Old but gold: aperitifs’ great comeback
World Best Bar
Dec 09, 2022
10 January 2019
Just as we have collectively been sharing a newfound love for all things vintage, from clothing to music to furniture, so too are old-fashioned aperitifs making a comeback on the cocktail scene. Let’s dive into this trend.
Suze, Dubonnet, Noilly Prat, Byrrh, Lillet, Fernet, Cynar, Carpano Antica Formula… The list goes on and on. For the past few years, all those bottles that used to gather dust in our aunts’ liquor cabinets have been making their way to the world’s trendiest bars, where they are now being shaken up by experienced and innovative bartenders.
This all seems to be part of a wider lifestyle trend, where we as consumers have developed a seemingly unquenchable thirst for all things vintage. Our furniture is retro, our clothes come from vintage stores and re-selling platforms, our favorite music is once again being released on vinyl, and many music videos and popular TV shows have been heavily leaning into decades-past nostalgia.
We’re living in a nostalgic world, and this is paired with an acute awareness of our traditional consumption model’s pitfalls, and a return to safer, more responsible values and epicureanism. What millennials and Gen Z are looking for first and foremost is authenticity, a “back to basics” stance that aperitif brands far and wide have caught onto.
Both surfing on the wave of “retro-marketing” and the strong low-ABV trend that has been shaking up the spirits market, old-timey aperitif brands such as Suze, Lillet, Campari, Dubonnet and more have seized the opportunity to rebrand and start communicating again, from refreshing their design and coming out with bold ad campaigns to spotlighting iconic drink recipes or inventing new ones.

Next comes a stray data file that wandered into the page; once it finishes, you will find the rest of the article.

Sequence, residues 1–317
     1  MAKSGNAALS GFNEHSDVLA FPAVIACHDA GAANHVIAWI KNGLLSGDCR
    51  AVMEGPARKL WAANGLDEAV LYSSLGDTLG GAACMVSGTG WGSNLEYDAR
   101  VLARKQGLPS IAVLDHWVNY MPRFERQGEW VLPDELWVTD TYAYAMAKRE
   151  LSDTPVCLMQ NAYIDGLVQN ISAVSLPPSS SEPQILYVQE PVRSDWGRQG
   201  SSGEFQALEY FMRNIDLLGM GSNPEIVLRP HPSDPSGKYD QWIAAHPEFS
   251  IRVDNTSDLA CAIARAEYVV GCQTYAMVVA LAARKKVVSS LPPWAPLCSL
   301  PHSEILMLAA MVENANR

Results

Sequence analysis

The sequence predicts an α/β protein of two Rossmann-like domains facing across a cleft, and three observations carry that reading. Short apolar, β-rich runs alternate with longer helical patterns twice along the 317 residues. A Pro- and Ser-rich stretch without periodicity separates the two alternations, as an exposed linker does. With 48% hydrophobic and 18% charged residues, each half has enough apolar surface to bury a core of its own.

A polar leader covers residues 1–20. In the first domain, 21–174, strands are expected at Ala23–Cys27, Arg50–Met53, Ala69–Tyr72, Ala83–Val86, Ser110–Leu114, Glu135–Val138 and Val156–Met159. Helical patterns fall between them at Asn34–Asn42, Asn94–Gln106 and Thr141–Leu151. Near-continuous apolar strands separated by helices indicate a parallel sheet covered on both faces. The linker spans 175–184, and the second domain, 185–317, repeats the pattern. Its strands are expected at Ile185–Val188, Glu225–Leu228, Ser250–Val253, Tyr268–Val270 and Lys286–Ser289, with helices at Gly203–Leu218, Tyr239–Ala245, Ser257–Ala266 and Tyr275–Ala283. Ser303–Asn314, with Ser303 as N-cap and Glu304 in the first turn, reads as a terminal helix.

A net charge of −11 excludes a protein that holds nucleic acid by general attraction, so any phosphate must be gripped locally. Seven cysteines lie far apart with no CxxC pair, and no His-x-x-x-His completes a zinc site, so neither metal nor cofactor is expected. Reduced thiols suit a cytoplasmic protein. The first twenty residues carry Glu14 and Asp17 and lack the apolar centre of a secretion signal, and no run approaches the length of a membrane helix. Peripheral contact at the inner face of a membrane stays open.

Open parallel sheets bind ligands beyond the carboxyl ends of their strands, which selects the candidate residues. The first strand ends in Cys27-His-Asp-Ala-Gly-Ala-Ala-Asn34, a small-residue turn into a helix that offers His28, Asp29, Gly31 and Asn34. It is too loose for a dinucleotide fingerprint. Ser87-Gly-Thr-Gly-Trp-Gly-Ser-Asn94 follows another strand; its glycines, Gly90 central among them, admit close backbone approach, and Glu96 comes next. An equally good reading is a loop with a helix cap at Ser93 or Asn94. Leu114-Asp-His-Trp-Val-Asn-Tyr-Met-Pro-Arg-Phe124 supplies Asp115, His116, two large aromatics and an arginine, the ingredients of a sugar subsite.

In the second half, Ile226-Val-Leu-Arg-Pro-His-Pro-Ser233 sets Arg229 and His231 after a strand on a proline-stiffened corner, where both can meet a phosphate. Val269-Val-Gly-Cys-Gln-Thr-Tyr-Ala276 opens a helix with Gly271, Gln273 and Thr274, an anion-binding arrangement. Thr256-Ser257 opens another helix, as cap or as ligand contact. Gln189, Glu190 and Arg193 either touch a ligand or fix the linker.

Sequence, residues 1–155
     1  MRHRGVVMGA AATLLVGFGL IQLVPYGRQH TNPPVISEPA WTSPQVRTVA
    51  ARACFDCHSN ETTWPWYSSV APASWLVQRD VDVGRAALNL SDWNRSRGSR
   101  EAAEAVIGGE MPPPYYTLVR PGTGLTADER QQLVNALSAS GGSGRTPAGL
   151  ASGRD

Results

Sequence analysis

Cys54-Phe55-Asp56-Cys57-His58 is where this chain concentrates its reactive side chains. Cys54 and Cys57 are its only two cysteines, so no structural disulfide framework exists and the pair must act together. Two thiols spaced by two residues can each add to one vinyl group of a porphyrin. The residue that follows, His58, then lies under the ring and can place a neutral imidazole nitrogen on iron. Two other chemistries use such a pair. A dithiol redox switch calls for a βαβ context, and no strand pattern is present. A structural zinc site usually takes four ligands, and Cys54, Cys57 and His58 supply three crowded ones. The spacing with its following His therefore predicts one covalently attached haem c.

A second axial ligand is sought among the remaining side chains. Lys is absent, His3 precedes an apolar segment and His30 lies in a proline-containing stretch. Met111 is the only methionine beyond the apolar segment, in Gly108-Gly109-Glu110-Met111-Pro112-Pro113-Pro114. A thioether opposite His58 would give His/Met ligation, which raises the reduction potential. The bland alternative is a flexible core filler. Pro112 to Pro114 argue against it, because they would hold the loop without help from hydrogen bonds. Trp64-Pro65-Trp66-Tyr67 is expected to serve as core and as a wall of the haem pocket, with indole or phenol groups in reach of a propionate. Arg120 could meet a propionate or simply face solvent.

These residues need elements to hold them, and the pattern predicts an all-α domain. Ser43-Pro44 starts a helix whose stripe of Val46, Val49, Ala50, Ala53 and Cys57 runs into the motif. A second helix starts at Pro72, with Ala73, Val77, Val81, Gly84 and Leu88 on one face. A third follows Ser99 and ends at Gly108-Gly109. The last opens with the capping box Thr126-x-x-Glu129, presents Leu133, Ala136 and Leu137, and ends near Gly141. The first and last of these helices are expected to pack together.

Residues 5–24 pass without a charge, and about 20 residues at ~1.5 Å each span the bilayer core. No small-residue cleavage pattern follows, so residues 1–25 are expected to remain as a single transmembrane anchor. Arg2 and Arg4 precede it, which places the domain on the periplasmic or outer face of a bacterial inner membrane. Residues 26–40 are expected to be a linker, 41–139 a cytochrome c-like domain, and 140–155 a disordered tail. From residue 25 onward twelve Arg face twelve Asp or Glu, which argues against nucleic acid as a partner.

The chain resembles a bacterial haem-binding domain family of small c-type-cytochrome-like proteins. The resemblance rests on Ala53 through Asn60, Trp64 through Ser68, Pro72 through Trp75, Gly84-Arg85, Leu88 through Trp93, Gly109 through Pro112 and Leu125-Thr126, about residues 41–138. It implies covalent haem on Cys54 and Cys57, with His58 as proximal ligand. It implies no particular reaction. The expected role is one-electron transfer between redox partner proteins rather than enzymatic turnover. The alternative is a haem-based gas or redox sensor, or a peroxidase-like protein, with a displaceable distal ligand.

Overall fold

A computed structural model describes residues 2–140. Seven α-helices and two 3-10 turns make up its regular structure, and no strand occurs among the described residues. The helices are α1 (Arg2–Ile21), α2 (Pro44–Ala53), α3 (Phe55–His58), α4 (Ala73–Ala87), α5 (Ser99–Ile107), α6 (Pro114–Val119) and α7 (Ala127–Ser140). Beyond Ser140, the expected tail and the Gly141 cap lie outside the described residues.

Because this also tells us a lot about the way alcohol itself is being consumed, something both brands and bartenders know a thing or two about. The heyday of binge drinking is well and truly behind us, and “skinny” drinks like the vodka soda, squeeze of lime are starting to lose traction in the face of their more sophisticated, low-ABV counterparts. With vintage spirits’ comeback, consumers are actually letting us in on their desire to slow down, relax, be fully present with their friends and really take their time — like in the olden days, when every dinner party was introduced by a lengthy aperitif. This “slow drinking” trend finds its best ally in aperitif spirits and cocktails thanks to their low alcoholic content, allowing for prolonged imbibing sessions and a higher number of consumed drinks with much less intoxication (and sans next-day headache).
And seeing as these spirits all have a strong, quite singular signature, often more bitter and herb-forward than most liquors, they lend any drink they are part of a unique touch of complexity. By using aperitifs, all it takes is two or three ingredients to make a seriously good cocktail, low-ABV or not (case in point: the Negroni or the Spritz in all their versions and revisitations), with no need for fancy homemade macerations or herb-and spice-infused syrups — not that we have anything against those, of course.
As far as mixology trends go, this is probably the easiest for you to replicate at home, and many of these complex spirits stand up just fine sipped on their own. So how about a tasting session next time you have your friends over?